Hypothyroidism in Infants and Children
Hypothyroidism in children usually occurs when there is a structural problem with the thyroid gland or the thyroid gland is inflamed.
Symptoms depend on the child's age but include delayed growth and development.
The diagnosis is based on newborn screening tests, blood tests, and imaging tests.
Treatment includes giving thyroid hormone replacement.
(See also Hypothyroidism in adults.)
The thyroid gland is an endocrine gland located in the neck. Endocrine glands secrete hormones into the bloodstream. Hormones are chemical messengers that affect the activity of another part of the body.
The thyroid gland secretes thyroid hormone. Thyroid hormone controls the speed of the body's metabolism, including how fast the heart beats and how the body regulates temperature. If the thyroid gland does not produce enough thyroid hormone, these functions slow down.
There are two types of hypothyroidism in infants and children:
Congenital hypothyroidism occurs when the thyroid gland does not develop or function normally before birth (see Hypothyroidism in the Newborn). This type of hypothyroidism occurs in about 1 in 2,000 to 3,000 births. Most cases occur spontaneously, but about 10 to 20% are inherited.
About half of cases of congenital hypothyroidism occur because the thyroid gland is missing, underdeveloped, or developed in the wrong place. Less often, the gland has developed normally but does not produce thyroid hormone correctly.
Rarely, congenital hypothyroidism occurs if the mother did not have enough iodine in her diet while pregnant (iodine deficiency) because her body needs more iodine when she is pregnant. Iodine deficiency is rare in the United States but is more common in certain developing countries. Another rare cause is central hypothyroidism. Central hypothyroidism is caused by structural problems that occur in the pituitary gland while it is developing (see Overview of the Pituitary Gland).
Rarely, drugs that are used to treat thyroid disorders or substances in foods cross the placenta and temporarily cause congenital hypothyroidism.
Acquired hypothyroidism occurs after birth. It occurs during later childhood and adolescence.
In the United States, acquired hypothyroidism is most commonly caused by Hashimoto thyroiditis. In Hashimoto thyroiditis, the body's immune system attacks the cells of the thyroid gland, causing chronic inflammation and decreased production of thyroid hormones.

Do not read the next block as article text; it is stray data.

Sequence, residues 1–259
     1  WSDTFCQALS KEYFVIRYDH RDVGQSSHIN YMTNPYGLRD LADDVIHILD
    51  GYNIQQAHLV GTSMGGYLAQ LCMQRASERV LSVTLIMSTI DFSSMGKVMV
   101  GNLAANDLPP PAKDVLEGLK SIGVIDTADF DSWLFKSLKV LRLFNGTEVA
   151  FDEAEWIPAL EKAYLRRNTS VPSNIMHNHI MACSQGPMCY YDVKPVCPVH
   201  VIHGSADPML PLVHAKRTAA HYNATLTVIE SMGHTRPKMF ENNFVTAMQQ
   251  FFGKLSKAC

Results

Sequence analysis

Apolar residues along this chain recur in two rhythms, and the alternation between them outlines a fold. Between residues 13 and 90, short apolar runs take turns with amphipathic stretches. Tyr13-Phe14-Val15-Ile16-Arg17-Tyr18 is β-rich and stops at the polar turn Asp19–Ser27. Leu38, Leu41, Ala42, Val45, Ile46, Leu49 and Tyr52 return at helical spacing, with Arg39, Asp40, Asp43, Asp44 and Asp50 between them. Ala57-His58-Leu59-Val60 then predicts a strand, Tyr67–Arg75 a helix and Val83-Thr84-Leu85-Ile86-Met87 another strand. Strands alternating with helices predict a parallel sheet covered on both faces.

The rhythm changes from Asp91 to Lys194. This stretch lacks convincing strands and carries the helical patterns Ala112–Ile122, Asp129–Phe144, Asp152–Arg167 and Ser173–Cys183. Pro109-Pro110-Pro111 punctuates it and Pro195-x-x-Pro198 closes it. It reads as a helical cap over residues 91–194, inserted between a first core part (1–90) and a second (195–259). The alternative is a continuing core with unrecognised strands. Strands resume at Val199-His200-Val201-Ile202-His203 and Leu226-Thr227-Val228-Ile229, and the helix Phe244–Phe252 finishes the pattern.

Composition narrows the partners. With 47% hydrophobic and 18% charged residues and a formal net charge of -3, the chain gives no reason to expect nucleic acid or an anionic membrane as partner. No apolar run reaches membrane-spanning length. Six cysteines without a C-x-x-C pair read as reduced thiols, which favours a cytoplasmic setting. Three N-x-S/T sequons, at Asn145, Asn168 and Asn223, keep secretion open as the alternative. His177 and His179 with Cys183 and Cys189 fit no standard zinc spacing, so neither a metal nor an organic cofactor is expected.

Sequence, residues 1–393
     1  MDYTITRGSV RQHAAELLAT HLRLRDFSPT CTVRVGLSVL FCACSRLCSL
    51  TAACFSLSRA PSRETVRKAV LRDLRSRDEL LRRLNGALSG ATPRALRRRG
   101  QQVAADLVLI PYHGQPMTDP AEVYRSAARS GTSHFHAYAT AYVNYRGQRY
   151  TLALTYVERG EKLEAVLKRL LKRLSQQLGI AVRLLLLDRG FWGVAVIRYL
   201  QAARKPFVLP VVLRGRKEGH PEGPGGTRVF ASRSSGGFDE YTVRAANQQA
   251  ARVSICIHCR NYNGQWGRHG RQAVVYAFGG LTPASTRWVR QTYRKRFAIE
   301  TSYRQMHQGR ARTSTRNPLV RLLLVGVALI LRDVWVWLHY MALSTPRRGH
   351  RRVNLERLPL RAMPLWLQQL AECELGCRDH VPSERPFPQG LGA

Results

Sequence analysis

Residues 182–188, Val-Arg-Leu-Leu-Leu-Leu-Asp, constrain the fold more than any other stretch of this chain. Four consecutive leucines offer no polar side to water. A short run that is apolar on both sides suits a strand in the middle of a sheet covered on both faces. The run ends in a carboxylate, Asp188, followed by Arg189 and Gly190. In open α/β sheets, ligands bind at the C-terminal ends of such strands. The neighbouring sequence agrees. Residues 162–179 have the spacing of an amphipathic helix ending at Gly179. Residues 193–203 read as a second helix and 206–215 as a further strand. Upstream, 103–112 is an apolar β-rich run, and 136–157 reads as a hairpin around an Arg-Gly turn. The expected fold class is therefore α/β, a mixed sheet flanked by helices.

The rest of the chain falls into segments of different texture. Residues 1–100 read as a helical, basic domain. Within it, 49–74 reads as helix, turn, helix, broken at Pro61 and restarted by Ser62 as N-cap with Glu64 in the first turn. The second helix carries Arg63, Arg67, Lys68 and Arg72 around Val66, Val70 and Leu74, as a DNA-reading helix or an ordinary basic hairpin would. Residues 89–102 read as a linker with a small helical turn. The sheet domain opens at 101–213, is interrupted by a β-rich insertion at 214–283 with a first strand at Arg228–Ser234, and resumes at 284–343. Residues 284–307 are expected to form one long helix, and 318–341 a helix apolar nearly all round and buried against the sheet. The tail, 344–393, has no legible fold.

Worldwide, the most common cause of hypothyroidism is iodine deficiency, but this cause is rare in the United States. However, pregnant women in the United States can develop mild iodine deficiency because their bodies need more iodine when they are pregnant. Children who have multiple food allergies or who are following restrictive diets may not eat enough of the proper foods and thus develop iodine deficiency.
Symptoms of hypothyroidism differ depending on the age of the child.
If iodine deficiency occurs very early during pregnancy, infants may have severe growth failure, abnormal facial features, intellectual disability, and stiff muscles that are difficult to move and control (called spasticity).
Most other infants who have hypothyroidism initially have few if any symptoms because some thyroid hormone from the mother crosses the placenta. Once infants no longer receive thyroid hormone from the mother, symptoms develop slowly and the disease is detected only when they are screened as newborns.
Some symptoms in older children and adolescents are similar to symptoms of hypothyroidism in adults (such as weight gain; fatigue; constipation; coarse, dry hair; and coarse, dry, and thick skin). Symptoms that appear only in children include slowed growth, a delay in the development of the skeleton, and delayed puberty.
Because infants with hypothyroidism at birth often do not have any abnormal findings, doctors do routine screening tests of all newborns. If the screening is positive, tests to determine levels of thyroid hormones in the blood (thyroid function tests) are done to confirm the diagnosis of hypothyroidism. If confirmed, newborns must be treated quickly to prevent developmental delays.
Thyroid function tests are also done in older children and adolescents who doctors think may have hypothyroidism. Ultrasonography may also be done if a goiter is present.
Doctors do magnetic resonance imaging (MRI) of the brain and pituitary gland in children who have central hypothyroidism to rule out problems in the brain.
Children who have congenital or acquired hypothyroidism are usually given the synthetic thyroid hormone levothyroxine. Thyroid hormone replacement is given to children in tablet form, which can be crushed and made into paste for infants. It should not be given simultaneously with soy formula, or iron or calcium supplements because these substances can decrease the amount of replacement thyroid hormone that is absorbed. Most children who have congenital or acquired hypothyroidism need to take thyroid hormone replacement for life. However, some children who have congenital hypothyroidism, usually those who have not required a dose increase after infancy, may be able to stop treatment after they are about 3 years of age.
Doctors continue to monitor children by doing blood tests at regular intervals depending on their age. Children are monitored more frequently during the first few years of life.
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